59. Some fantasy authors give little thought to the underlying notions of power and politics that underpin the nations of their fantasy realms, while others are only too aware of what they borrow from the world. The panel discusses the issues of politics and power dynamics in works of fantasy that explore, explode, or subvert the norms.
  60. 22. What is a Dragon?
  61. Western Dragons, Eastern Dragons, Feathered Serpents and Great Worms... few things are as iconic as the dragon, but what are the differences between them all? Are they roughly the same or do they symbolically represent very different things?
  62. 23.
  63. 24. The European Fantasy Tradition
  64. When discussing Epic Fantasy it is easy to assume an Anglo-American perspective of the genre, but the Epic is thriving in other areas of the world. The panel will discuss some of the great Fantasy writing that is coming out of Europe and what sets it apart from its Anglo- American counterparts.
  65. 25.
  66. 26. Tropes that will not die!!!
  67. Our distinguished panel of experts will discuss those elements of fantasy so over-used that they need to be consigned to the deepest, darkest pit we can find to never see the light of a publishing house again Each panelist will be given the opportunity to nominate a trope or cliché of fantasy, argue for its demise, and put it to the rest of the panel for sentencing.
  68. 27. Going on a Quest? You will need this...
  69. In every fantasy world the characters always seem to be able to survive. What are the travel essentials necessary to survive a heroic quest?
  70. 28. The Quest is Dead, Long Live the Quest?
  71. Sometimes there are narrative arcs and techniques that just fall out of favour, but is the quest one of them? The panel will discuss the great quest narrative and how new stories are finding ways to make quests interesting again.
  72. 29. Is Epic Fantasy Doomed to Feudalism?
  73. The idea of Feudalism in Epic Fantasy is nothing new, but Epic Fantasy contains ever greater numbers of texts and narratives that eschew a simple patriarchal feudalism for smart and pointed political stories set in fantasy worlds that explode the myth that the Epic needs Kings and princes. The panel will discuss some of the Epic Fantasies that have played with politics and that have refused to perpetuate the stereotype of the male heir apparent.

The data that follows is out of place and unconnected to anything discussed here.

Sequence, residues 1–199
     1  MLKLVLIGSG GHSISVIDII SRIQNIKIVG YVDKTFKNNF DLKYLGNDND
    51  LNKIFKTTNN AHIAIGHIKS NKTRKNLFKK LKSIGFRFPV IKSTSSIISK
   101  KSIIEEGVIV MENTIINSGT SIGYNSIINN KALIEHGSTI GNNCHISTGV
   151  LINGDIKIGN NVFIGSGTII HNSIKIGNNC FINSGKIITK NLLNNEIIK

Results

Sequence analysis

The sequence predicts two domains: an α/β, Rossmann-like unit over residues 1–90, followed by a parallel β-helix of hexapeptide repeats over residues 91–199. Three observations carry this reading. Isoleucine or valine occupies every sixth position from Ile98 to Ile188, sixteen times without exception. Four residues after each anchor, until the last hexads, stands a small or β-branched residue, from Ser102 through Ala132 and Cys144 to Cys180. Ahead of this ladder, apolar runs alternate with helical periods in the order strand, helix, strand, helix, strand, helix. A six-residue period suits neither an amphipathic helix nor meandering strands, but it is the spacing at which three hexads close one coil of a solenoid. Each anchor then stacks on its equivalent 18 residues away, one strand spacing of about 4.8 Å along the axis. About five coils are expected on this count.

74. 30. Epic Fantasy and the Uses of Weapons
  75. If you had to pick one item that was truly ubiquitous to Epic Fantasy the humble sword probably fits the bill. But there is much more to weaponry in history and Fantasy than the sword. The panel will discuss the use of weapons in Fantasy writing and how they shape the perceptions of warfare and combat.
  76. 31. Violence and the Epic
  77. There has been great debate about the rise of Grimdark and of gratuitous violence in Fantasy writing, but let’s face it, Epic Fantasy has always been violent. So what has changed? Our panelists will discuss violence in Fantasy writing, and the issues of depicting certain types of violence on the page.
  78. 32.
  79. 33. When Magic Meets Science.
  80. Fantasy, and the Epic in particular, have a tendency to ignore the progress of the sciences, but there are some great stories out there that tackle the issue of technological advancement in a Fantasy world. Our panel discuss the tension between science, technology and magic, and some of the narratives that play with our notions of technological progress in a fantasy world, from the Discworld to Malazan and to Flintlock Fantasies.
  81. 34. The Fantastic Cities of Monstrous Magnitude
  82. Epic Fantasy has created some of the most arresting and wondrous architecture ever dreamed of. The panel will discuss some of their favourite settings in Epic Fantasy and why those cities and buildings evoke such wonder.
  83. 35. Whatever happened to the Cursed Wanderer?
  84. The tragic figure of the doomed explorer wandering the land eternally has seemingly vanished from the face of Fantasy, or has it? The panel will discuss some of the great examples of this trope, why it has dropped out of favour, and, perhaps, how it has been adapted.
  85. 36. Healing in Fantasy